Students Look at Atmospheric Conditions
Posted by Pengxeu Thao '15, Roseville on Tuesday, Aug. 19, 2014
Sylke Boyd, associate professor of physics, is one of eleven professors working with students in the Howard Hughes Medical Institute (HHMI) Undergraduate Summer Research Program. She is partnering with Shelby Richard ’15, Elko New Market, and Jieying Jin ’15, Shanghai, China, to research atmospheric conditions.
The project examines properties of the troposphere, the lowest portion of the earth’s atmosphere, through an all-sky camera installed on the science building. Over the summer the team developed programs to interpret and organize the thousands of images captured by the camera.
With these programs, the team kept track of sun halos, which are formed by high-altitude ice crystals, and cirrus and cirrostratus clouds. Richard developed an image analysis program in C++ that works through large numbers of images and detects halos. Jin wrote a graphical routine in Mathematica that allows modeling ray paths through an ice crystal under various incidence conditions.
“Cirrus clouds are a big player in the radiation balance and thus in climate,” says Boyd. “They are difficult to observe and quantify, leading to a large uncertainty of their influence in climate models. Collecting all-sky images and using the presence of ice halos to detect the presence of cirrostratus clouds will help to decrease this uncertainty, and in turn, improve climate models.”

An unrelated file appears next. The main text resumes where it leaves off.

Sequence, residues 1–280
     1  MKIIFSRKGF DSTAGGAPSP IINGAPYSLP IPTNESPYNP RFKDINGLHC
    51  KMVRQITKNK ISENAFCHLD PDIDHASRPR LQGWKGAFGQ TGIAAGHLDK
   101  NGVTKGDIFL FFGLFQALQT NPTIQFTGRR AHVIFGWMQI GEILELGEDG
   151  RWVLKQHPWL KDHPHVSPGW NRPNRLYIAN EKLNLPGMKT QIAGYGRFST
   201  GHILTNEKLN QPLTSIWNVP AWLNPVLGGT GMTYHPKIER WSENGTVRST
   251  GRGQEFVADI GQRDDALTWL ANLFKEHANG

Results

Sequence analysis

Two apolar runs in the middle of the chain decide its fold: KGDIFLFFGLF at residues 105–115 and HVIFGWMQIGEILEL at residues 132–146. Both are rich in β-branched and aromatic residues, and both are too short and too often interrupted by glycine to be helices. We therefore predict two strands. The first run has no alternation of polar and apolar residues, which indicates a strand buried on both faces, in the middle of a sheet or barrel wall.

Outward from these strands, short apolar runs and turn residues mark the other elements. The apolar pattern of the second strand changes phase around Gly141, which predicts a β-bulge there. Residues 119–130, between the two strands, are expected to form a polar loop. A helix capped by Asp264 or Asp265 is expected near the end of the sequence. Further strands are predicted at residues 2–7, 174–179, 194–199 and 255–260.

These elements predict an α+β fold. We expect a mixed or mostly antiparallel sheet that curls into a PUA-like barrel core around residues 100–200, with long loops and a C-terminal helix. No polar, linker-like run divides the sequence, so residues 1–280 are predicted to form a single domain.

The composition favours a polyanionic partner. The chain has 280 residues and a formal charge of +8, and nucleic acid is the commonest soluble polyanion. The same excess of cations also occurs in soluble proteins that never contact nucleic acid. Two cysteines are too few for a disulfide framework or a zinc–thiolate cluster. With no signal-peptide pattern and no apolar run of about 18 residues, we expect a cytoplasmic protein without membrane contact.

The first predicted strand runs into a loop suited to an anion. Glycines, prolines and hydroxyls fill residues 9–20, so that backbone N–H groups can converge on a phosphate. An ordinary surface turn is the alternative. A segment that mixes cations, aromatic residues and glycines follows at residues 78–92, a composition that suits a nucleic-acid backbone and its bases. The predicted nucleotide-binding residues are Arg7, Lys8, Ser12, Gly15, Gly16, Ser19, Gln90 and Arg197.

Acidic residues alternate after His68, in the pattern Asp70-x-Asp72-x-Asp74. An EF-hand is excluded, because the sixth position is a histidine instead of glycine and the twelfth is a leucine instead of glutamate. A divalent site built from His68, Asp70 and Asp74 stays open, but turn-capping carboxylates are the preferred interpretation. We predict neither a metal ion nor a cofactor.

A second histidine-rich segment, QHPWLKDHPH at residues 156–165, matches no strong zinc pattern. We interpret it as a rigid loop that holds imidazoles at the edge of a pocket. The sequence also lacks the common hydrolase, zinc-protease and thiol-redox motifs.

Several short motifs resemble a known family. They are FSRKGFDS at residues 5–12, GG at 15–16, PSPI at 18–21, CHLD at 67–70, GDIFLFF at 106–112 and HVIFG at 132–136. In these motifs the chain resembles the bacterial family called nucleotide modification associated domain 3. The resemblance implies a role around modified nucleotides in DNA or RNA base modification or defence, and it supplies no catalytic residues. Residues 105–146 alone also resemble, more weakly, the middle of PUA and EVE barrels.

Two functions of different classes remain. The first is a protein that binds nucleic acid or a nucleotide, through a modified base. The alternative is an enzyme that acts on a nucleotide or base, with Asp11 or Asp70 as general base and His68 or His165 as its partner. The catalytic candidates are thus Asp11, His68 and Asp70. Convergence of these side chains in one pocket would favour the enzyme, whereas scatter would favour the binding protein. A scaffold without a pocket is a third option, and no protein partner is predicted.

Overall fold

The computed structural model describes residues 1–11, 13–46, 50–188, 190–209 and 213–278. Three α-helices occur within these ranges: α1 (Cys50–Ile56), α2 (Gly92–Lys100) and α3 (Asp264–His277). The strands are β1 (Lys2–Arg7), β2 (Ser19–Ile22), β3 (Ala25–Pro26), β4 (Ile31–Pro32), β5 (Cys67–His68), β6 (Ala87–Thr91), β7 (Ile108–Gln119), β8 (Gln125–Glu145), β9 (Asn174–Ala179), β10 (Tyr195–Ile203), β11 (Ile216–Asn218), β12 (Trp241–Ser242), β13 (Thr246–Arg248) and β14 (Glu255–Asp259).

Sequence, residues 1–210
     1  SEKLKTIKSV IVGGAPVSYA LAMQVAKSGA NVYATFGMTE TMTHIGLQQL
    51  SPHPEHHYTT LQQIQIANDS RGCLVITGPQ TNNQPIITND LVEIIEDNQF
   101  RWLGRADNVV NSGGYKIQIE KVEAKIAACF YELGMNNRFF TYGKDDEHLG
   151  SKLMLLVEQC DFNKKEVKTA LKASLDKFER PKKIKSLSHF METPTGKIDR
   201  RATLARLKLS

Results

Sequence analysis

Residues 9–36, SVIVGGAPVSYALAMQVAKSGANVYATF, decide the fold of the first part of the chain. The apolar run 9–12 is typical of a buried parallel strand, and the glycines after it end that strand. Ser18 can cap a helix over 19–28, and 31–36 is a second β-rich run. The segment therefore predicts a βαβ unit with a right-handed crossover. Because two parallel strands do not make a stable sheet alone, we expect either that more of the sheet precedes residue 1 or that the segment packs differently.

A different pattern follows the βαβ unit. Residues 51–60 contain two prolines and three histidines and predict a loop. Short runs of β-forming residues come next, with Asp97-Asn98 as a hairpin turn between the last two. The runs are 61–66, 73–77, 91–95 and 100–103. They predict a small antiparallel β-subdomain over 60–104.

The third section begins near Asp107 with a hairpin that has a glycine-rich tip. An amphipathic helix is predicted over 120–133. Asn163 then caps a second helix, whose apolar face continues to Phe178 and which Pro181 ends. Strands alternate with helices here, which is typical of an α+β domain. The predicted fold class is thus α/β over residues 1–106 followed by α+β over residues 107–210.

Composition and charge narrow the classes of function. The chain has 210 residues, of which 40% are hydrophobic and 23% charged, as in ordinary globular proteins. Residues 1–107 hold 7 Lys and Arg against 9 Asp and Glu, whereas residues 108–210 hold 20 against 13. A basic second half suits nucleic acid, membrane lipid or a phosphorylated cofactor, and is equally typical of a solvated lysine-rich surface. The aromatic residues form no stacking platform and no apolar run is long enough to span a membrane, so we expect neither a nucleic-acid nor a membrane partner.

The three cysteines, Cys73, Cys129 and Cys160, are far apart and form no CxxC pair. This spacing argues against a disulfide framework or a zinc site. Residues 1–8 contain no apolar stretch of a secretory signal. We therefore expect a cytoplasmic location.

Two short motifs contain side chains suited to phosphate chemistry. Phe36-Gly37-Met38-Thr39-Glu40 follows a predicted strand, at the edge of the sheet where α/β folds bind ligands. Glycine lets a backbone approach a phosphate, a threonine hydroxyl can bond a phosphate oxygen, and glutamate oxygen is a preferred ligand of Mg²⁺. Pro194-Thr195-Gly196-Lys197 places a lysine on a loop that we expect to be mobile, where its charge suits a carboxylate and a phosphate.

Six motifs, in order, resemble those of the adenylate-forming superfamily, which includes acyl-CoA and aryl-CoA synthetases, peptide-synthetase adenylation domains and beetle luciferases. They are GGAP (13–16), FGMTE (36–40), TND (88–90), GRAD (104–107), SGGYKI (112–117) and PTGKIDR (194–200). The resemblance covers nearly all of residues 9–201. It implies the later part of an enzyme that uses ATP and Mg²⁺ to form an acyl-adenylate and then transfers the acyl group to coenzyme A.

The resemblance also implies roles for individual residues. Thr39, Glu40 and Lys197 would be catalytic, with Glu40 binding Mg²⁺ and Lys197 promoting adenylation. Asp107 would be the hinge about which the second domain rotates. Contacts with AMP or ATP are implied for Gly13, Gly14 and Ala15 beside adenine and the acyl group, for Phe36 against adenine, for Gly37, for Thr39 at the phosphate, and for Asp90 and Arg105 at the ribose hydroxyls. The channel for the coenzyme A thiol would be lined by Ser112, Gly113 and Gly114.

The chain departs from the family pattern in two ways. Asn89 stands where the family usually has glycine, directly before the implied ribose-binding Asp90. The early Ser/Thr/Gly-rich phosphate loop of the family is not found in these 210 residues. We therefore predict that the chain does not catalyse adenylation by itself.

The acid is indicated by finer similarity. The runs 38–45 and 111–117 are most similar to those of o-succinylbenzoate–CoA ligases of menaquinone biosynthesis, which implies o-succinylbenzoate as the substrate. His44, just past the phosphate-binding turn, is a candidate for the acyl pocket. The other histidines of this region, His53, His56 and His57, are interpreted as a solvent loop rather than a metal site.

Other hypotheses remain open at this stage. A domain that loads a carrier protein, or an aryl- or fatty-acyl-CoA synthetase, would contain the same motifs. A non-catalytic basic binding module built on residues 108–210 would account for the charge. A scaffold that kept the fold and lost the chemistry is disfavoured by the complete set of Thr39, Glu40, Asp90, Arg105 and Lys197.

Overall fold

This opportunity gave Richard and Jin an early start on their careers in atmospheric research. The combination of hands-on work and faculty interaction prepares them for future endeavors.
“This experience was a valuable opportunity to experience a research setting in the atmospheric field, which I'm specializing in,” says Richard.
“I really enjoyed the summer with Professor Boyd and my partner, Shelby,” adds Jin. “It is interesting to work with the atmosphere as well, and it gives me a glance at research. I think it will help me a lot with grad school work.”
Boyd’s project is based on the work of alumni Stephen Sorenson ’14 and James Froberg ’14. Richard and Jin continued this work and presented their findings at the American Association of Physics Teachers (AAPT) in July. Future studies using the all-sky camera will continue into the school year.
The Undergraduate Summer Research Program is supported in part by a grant to the University of Minnesota, Morris from the Howard Hughes Medical Institute through the Precollege and Undergraduate Science Education Program. Additional information is available at morris.umn.edu/hhmi.
Photo: Shelby Richard ’15 (left) and Jieying Jin ’15 (right). Photos by Sylke Boyd.